If you were to start again, what would you do differently?
I would trust my instincts and intuition more. I’ve learned that intuition does not mean “uninformed,” it’s just a different kind of data and a different way of knowing.
As an entrepreneur, what is the one thing you do over and over and recommend everyone else do?
I’m addicted to asking questions. In fact, in my job it’s hugely more important to ask the right questions rather than have all the right answers. I’m an innately curious person. I’ve always asked, “Why?” I think every entrepreneur should back up the bus and look at the real reasons and roots behind the current change, need, idea, or initiative.
What is one strategy that has helped you grow your business? Please explain how.
Narrowing my focus has not just helped grow my business as a strategy; it is my business. Finding that sweet spot is what I preach to clients and helping them find that secret sauce is what I do. Too many entrepreneurs try to be everything to everybody, but brands become stronger the more you narrow the focus. If you’re not seen as solving a specific problem, then no one thinks of you as the solution, or has the fuel to remember you for anything in particular.
What is one failure you had as an entrepreneur, and how did you overcome it?
In my former agency life, I tried to push to create a two-office satellite model right before the downturn. It wasn’t that I truly wanted that growth and complexity, as much as that I personally wanted to move to Portland and felt responsibility to my employees and past clients, plus didn’t want anyone to potentially see the closing of the Eugene office as some kind of business failure.
I was making a lot of decisions based on what others needed or what someone else would think. As with most entrepreneurs, ultimately it came down to a very personal vision; it wasn’t just based on a P&L. And it was a singular—you could almost say lonely—decision. That’s frequently the path of the entrepreneur. As I told someone once who wanted me to mentor them, “Be prepared. You get the glory. And the gory.”
Oddly, the downturn ended up being a bit of a blessing in disguise. It was a forcing function for me to make more macro decisions and evaluate my priorities. And ultimately, that re-examination birthed a whole new business model that I think provides more—and more unique—value than what I was doing before.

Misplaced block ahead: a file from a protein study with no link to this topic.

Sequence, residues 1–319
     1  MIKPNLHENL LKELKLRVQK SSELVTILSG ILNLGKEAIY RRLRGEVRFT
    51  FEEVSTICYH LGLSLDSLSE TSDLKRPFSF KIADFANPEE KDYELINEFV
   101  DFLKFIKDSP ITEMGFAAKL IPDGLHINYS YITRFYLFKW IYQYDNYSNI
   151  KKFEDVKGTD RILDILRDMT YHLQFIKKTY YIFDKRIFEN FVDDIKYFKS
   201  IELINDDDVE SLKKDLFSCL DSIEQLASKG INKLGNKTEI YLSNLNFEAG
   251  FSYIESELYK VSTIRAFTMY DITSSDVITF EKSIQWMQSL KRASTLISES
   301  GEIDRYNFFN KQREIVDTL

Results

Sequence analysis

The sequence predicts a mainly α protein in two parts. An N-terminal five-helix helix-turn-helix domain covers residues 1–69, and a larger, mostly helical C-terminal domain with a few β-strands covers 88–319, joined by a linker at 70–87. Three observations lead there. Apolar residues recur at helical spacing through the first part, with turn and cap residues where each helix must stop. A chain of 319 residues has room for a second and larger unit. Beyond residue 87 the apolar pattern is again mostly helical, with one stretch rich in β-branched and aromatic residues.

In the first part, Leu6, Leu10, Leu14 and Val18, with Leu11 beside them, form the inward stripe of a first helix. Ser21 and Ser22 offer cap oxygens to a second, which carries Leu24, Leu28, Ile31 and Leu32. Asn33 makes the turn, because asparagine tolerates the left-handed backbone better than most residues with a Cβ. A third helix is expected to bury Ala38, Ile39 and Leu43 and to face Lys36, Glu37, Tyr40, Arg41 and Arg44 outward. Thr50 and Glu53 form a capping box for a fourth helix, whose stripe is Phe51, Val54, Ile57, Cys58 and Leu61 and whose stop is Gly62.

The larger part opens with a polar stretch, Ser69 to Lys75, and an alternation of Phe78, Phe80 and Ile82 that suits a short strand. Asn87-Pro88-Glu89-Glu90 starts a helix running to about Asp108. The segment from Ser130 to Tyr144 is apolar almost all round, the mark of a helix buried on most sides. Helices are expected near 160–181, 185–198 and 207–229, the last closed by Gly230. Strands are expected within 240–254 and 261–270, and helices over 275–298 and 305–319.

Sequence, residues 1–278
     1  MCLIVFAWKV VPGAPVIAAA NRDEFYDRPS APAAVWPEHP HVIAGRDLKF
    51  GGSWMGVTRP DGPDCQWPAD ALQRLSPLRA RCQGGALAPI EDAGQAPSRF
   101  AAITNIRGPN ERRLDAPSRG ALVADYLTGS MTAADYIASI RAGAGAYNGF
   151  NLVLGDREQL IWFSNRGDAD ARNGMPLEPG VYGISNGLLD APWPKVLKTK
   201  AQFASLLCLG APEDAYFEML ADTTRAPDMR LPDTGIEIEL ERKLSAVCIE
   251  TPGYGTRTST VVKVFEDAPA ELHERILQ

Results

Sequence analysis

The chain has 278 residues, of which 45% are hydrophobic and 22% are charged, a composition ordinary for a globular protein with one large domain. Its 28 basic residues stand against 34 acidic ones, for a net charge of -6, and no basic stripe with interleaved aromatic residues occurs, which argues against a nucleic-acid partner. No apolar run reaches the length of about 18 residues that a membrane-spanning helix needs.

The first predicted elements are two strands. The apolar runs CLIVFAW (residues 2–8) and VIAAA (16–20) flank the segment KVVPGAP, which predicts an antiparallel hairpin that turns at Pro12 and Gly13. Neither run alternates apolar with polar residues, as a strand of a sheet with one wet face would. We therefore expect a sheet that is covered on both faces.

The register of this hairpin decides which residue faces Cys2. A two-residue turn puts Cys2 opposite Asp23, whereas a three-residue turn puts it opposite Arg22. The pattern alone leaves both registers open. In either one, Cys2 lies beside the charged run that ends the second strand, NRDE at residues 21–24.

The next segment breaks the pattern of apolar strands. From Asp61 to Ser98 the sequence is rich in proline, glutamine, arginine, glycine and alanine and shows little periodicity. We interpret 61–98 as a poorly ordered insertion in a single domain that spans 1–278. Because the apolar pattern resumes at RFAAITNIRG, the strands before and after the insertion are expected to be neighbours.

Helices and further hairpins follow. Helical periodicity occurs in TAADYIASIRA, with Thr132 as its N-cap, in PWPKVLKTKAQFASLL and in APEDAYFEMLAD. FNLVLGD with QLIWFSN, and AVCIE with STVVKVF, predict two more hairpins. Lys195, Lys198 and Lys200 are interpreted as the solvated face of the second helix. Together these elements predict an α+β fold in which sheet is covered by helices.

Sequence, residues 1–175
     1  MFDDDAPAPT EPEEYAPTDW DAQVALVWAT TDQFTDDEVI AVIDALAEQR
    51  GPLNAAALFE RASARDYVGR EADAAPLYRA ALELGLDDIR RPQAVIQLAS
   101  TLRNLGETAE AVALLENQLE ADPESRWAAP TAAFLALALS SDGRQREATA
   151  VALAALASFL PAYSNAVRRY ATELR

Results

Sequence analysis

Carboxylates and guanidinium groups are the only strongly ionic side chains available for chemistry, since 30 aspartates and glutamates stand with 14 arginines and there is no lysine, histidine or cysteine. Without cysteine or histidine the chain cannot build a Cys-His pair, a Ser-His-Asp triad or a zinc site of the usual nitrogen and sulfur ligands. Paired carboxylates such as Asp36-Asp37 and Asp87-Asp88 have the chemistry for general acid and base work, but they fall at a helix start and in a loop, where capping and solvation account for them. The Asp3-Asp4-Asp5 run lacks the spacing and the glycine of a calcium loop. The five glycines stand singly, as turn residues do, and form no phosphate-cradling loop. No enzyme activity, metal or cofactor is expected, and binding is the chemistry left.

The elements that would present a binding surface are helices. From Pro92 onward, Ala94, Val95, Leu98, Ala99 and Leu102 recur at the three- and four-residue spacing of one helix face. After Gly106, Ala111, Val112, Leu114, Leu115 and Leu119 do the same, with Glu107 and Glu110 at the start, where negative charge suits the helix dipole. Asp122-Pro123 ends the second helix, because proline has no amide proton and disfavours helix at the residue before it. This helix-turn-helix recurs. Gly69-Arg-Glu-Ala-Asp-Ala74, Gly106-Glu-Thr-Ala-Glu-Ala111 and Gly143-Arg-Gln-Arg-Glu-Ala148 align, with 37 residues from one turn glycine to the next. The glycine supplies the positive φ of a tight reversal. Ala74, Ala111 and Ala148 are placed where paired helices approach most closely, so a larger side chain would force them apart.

What is one business idea that you’re willing to give away to our readers?
I swear I’d kiss the feet of the inventor of a single smart card that could securely encrypt all of my business and personal credit cards, store cards, and loyalty programs and serve them up seamlessly at point of purchase. (And I do mean all.) It wouldn’t even have to be a smart-phone app! I’d be perfectly fine with a single old plastic card and biometrics. I would do dances in the street daily.
Tell us something about you that very few people know?
Woody Harrelson almost ran me over while learning to windsurf. He cussed me out for snorkeling and being in his way. Somehow it was my fault that he couldn’t steer.
What software and web services do you use?
I use a good portion of the Adobe Creative Suite when developing clients’ brands. I also use more and more virtual and SAAS tools like Quickbooks Online, Dropbox, Basecamp, and Skype. I’m also a word geek, so love resources like Thesaurus.com.
What do you love about them?
I absolutely love not having to deal with upgrades and traditional software licenses and being able to move device-to-device. My new model is very team- and hand-off based, since I am hyper-focused on the front-end brand reinvention, but referring and partnering out to solve client needs for campaigns and implementation. That means that anything inexpensive and accessible, that supports collaboration and seamless integration, is golden.
What is the one book that you recommend our community should read and why?
My “bible” for entrepreneurs tackling any brand issue is “The Brand Gap” by Marty Neumeier. It’s not a new resource, but in my opinion it’s the simplest, and also the most comprehensive and authentic, introduction to what brand truly is and how it can be influenced. The whiteboard approach is accessible to everyone and the revised edition includes a glossary of branding terms that’s invaluable. There’s very little standardization, even among branding professionals, around brand terminology. After reading countless books on branding, I think Marty nails it best. And briefest.
What people have influenced your thinking and might be of interest to others?
I don’t really follow anyone religiously. I’m constantly pulling random reference and inspiration from various sources, some of them well outside of my field. Cross-pollination is what it’s all about. However, I love accessible authors and thought leaders that can relate simply and conversationally, but tweak our thinking to take us into new paradigms. Among those, I’d list not just @MartyNeumeier, but also @DanielPink, and Seth Godin. Historically, I’ve been very influenced by people that have lived very holistic, creative lives that cut across boundaries and disciplines and who equally tapped the right and left brain; people like daVinci, Frank Lloyd Wright, Einstein, and Charles and Ray Eames.
Jason Halstead on Twitter: @gistbrands
Gist Brands on Facebook: http://www.facebook.com/gistbrands
Jason Halstead on LinkedIn: https://www.linkedin.com/pub/jason-halstead/2/756/733